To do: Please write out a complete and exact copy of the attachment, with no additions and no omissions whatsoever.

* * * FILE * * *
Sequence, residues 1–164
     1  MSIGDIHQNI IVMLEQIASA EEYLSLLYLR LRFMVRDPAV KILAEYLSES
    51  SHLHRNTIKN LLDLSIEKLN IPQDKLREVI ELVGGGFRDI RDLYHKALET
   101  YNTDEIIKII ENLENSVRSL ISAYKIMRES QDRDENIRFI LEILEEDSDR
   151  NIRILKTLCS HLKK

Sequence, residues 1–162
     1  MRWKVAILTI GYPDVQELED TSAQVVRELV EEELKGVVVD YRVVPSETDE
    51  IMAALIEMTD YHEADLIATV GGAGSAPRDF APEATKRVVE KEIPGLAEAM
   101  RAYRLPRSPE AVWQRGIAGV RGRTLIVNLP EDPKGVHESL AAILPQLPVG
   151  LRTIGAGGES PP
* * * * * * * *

Sequence, residues 1–164
     1  MSIGDIHQNI IVMLEQIASA EEYLSLLYLR LRFMVRDPAV KILAEYLSES
    51  SHLHRNTIKN LLDLSIEKLN IPQDKLREVI ELVGGGFRDI RDLYHKALET
   101  YNTDEIIKII ENLENSVRSL ISAYKIMRES QDRDENIRFI LEILEEDSDR
   151  NIRILKTLCS HLKK

Sequence, residues 1–162
     1  MRWKVAILTI GYPDVQELED TSAQVVRELV EEELKGVVVD YRVVPSETDE
    51  IMAALIEMTD YHEADLIATV GGAGSAPRDF APEATKRVVE KEIPGLAEAM
   101  RAYRLPRSPE AVWQRGIAGV RGRTLIVNLP EDPKGVHESL AAILPQLPVG
   151  LRTIGAGGES PP